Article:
Despite a report from the New York Jets beat, namely Rich Cimini and his unnamed sources that questioned the signing of a former first round pick, at a position the Jets are woefully thin at…we at TOJ felt it was time to give an un...
Despite a report from the New York Jets beat, namely Rich Cimini and his unnamed sources that questioned the signing of a former first round pick, at a position the Jets are woefully thin at…we at TOJ felt it was time to give an unbiased view of Kellen Winslow Jr.
Kellen WInslow Jr, the son of Hall of Fame Tight End Kellen Winslow Sr, was a member of the Miami Hurricanes during their dominant run from 2001 to 2003. WInslow played sparingly during his freshman year, backing up an All-American in Jeremy Shockey, before exploding on to the scene in his sophomore season. WInslow became a finalist for the Mackey Award, awarded to the nation’s best tight end, after setting the University of Miami record for catches, yards, and touchdowns by a tight end with 57, 726, and 8 respectively. During his junior season, Winslow Jr. won the Mackey Award with 60 receptions, 605 yards, and one touchdown and was named a unanimous first team All-American. Despite the accolades he received, Kellen’s junior season was remembered mostly for the controversy surrounding his “I’m A Soldier” comments after a game against Tennessee.
Kellen was drafted sixth overall by the Cleveland Browns and Butch Davis, the fourth highest draft pick ever used on a tight end. Two games into his rookie year, WInslow tore his fibula and was sidelined for the rest of the season. He was expected to return in time for next season, but a motorcycle accident in the off-season following his rookie season led to WInslow tearing his ACL and being sidelined for the entire 2005 season as well.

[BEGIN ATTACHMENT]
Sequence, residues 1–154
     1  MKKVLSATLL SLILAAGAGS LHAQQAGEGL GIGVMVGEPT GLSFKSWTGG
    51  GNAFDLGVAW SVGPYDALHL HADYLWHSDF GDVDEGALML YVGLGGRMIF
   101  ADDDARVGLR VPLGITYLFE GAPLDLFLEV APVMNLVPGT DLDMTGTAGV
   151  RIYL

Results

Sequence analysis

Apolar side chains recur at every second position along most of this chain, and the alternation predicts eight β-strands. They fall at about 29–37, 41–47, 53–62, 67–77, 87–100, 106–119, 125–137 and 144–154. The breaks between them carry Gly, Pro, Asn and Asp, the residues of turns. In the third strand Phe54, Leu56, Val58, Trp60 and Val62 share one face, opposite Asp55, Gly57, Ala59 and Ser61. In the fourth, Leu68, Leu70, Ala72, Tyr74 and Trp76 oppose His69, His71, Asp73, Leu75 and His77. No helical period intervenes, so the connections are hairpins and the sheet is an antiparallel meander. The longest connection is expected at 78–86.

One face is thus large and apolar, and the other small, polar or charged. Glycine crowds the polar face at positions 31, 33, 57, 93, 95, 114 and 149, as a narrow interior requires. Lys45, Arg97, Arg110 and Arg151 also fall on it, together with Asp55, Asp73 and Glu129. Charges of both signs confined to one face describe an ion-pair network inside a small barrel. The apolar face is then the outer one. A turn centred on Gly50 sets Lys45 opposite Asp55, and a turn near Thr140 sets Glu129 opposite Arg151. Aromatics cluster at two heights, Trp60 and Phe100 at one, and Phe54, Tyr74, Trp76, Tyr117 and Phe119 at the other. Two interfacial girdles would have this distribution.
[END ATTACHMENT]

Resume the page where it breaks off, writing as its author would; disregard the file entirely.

WInslow returned in 2006 and, after announcing that 90 percent of him is still better than any tight end in the NFL, hauled in 89 receptions for 875 yards and 5 TDs. His 89 receptions broke Ozzie Newsome’s franchise record for receptions by a tight end. The following season, Winslow earned a Pro Bowl nod with 82 receptions for 1,106 yards and five touchdowns.
In the 2008 season, Winslow suffered a staph infection and missed 5 games while publicly bashing Browns GM Phil Savage for trying to hide the injury. WInslow was suspended one game for this, but Browns owner Randy Lerner apologized and rescinded the suspension. Winslow was traded to the Tampa Bay Buccaneers after the 2008 season, and spent the next 3 seasons in Tampa averaging 72 catches, 792 yards, and 4 touchdowns and not missing a single game. After his third season with the team, and 3 years into a six year deal that made Winslow the highest paid TE in the game, WInslow was informed by the Bucs that they would be trading him. Winslow was traded to the Seahawks following the 2011 season, but was waived before the season began because he refused to restructure his contract. Winslow was signed by the Patriots two weeks after being released by Seattle, but then asked for his release from New England 9 days later.
Why would three teams rid themselves of a talented, albeit outspoken, productive offensive weapon? In Cleveland, despite owner Randy Lerner siding with Winslow in his spat with Phil Savage, Winslow was traded to Tampa Bay for a 2nd and 5th round pick. In Tampa Bay, Greg Schiano didn’t like that Winslow would want to miss practice to rest his knee, and immediately shipped him out to Seattle. In Seattle, he refused to lower his salary and was subsequently released. There is one common denominator in all three of these situations; Kellen Winslow, Jr. Kellen Winslow was a highly productive player who didn’t display the most maturity at Miami or in Cleveland (the motorcycle accident and brash comments, plus arguments with the GM).
However, when healthy Kellen Winslow was one of the most productive tight ends in the game and when he signed with New England, the signing was lauded as another shrewd move by that amazing New England front office. Kellen Winslow Jr., if healthy, will be an immediate upgrade over not only what the Jets have no